After a relatively dry spell, I've watched 9 films in the last 7 days--a feat unmatched in any given month since March. I don't know that that warrants a blog post, but for those who don't count anything but blog posts as official participation in film club--this is for you (John).
Most of what I've watched in the last week was unremarkable. Particularly Dinosaur Island (1994, Olen Ray/Winorski), which was so bad I was too embarrassed to log it on Letterboxd (but I'm not afraid to admit it to you guys). But there were a couple that warranted a few extra comments that I will add here.
I know most of y'all aren't into documentaries, but I thought Wish Me Away (2011, Birleffi/Kopf) was especially good. However, I'm not always good at judging the allure of the material vs. the quality of the filmmaking (see Brother's Keeper), so I don't know if it was a well-made film or not. I appreciated Chely Wright's transparency in the interviews--she comes across almost innocent and naive--and it seems genuine. When the camera's rolling, it can be hard to be genuine, and either she's a spectacular actress or it's real. The most compelling argument for why she would allow herself to be so vulnerable onscreen would be for the sake of those who would watch the film, so I'm choosing to believe it. I can't imagine anyone in film club (except maybe Ben) wanting to watch a movie about a Christian country music star coming out as a lesbian, but I'd like to recommend it anyway.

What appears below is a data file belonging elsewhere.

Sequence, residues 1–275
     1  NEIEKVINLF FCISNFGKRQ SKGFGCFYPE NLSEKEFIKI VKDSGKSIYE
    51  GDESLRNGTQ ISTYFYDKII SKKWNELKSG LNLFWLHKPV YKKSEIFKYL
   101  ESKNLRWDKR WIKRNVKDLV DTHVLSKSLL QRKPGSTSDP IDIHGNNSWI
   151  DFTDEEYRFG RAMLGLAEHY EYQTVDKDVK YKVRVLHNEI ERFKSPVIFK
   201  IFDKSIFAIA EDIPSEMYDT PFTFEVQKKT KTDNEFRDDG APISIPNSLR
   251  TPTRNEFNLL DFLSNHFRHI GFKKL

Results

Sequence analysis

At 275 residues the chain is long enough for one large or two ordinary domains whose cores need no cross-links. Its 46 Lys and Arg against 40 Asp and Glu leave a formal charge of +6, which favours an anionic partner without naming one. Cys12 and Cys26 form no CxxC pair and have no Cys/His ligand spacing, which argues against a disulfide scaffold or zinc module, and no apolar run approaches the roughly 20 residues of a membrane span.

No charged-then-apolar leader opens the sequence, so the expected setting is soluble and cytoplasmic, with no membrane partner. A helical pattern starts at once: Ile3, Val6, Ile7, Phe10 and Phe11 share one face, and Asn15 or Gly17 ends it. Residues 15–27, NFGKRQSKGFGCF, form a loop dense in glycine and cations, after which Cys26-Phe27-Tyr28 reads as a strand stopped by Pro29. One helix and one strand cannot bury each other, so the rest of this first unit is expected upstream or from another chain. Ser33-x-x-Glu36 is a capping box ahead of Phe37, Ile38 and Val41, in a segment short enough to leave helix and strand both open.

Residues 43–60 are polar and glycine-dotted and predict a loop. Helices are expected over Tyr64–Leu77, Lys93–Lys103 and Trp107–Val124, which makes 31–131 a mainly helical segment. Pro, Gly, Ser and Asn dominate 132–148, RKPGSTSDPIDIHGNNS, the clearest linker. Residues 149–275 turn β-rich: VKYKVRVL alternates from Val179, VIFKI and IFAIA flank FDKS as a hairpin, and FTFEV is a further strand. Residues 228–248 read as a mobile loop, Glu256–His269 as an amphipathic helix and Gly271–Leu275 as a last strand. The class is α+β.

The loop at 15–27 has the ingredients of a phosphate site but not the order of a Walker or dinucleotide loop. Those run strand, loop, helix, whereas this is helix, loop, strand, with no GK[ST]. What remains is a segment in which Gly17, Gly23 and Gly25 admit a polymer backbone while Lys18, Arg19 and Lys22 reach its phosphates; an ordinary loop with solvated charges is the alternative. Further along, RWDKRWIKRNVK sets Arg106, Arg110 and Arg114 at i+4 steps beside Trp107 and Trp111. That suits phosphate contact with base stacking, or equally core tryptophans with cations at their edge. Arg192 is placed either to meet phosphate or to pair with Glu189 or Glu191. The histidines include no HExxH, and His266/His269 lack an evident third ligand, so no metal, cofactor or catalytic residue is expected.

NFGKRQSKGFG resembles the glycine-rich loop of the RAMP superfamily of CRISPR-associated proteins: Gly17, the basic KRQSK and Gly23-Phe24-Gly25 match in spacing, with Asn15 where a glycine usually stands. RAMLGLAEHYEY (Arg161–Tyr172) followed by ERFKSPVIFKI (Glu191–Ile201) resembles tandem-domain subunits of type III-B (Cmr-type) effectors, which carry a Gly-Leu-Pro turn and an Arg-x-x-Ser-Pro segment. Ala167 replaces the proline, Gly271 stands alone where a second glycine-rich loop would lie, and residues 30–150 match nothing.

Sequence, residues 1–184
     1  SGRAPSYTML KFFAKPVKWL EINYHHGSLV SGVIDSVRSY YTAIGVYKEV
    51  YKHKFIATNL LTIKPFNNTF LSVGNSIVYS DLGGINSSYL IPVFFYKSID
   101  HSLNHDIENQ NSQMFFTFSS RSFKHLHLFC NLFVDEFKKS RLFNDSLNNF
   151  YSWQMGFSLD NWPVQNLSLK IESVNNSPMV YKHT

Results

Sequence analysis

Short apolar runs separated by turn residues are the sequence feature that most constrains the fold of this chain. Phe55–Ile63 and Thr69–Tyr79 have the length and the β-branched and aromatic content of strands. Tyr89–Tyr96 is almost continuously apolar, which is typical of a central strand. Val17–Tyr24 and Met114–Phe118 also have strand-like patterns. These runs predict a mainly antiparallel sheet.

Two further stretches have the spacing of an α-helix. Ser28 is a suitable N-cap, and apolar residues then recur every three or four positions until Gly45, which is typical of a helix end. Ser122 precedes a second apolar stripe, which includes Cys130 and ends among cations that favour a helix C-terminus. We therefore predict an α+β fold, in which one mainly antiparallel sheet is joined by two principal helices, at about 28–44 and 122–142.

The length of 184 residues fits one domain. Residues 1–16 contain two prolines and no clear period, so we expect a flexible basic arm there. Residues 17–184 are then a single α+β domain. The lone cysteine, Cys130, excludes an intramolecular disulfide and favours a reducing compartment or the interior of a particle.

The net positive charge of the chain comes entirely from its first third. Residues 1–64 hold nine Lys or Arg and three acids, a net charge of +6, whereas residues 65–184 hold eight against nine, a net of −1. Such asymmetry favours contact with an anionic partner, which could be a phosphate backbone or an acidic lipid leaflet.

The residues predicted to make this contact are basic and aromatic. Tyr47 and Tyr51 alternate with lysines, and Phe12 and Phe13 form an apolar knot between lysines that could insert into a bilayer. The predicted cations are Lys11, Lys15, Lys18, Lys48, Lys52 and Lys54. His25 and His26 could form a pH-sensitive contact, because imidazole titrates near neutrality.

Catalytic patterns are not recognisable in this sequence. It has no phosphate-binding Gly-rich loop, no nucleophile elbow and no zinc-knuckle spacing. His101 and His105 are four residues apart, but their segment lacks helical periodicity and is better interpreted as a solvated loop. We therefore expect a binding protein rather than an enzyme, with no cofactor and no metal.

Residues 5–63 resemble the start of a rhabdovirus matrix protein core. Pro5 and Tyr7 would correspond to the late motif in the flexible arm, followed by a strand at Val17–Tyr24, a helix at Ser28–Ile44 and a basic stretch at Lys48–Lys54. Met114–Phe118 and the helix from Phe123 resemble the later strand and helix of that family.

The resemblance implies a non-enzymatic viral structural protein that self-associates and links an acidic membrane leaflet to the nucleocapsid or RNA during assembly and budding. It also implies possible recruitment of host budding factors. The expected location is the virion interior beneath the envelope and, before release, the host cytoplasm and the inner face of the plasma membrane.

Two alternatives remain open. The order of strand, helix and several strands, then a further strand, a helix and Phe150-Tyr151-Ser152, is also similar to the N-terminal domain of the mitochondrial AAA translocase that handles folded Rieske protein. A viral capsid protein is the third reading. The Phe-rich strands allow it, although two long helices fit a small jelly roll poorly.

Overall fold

I remember when JCVD (2008, El Mechri) came out it made quite a stir--it being not only a more complex role for the usually one-dimensional action hero, but one in which he plays himself, or possibly a caricature of himself. I got the DVD on discount when a Blockbuster was going out of business several years ago and only got around to watching it recently. I only gave it three stars because the bad guys were unbelievably lame, but Van Damme's performance was really good. Can you do a bad job playing yourself, though? I could imagine anyone from film club watching this one, and would be curious what others' take on it is.
Rubber (2010, Dupieux) is about a car tire in the desert that kills living things using psychokinesis. I don't know if anyone from film club has seen this, but I can imagine everyone watching it as well. I don't think everyone would like it, though. Maybe they would. It's weird enough that one could accuse it of being too self-consciously so, but also multi-faceted in its weirdness. It's unusual in that you're not sure where the story's going overall, but within a scene you can predict with some accuracy what's going to happen next because it adopts some classic tropes and uses them for humor more than horror because of the fact that it's a tire instead of, say, a homicidal maniac. The other element of weirdness involves a subplot (or is the tire the subplot) that includes characters who are spectators and characters who break character as well as the fourth wall. I've seen a trailer for Dupieux's more recent film Wrong and am hoping to check it out soon.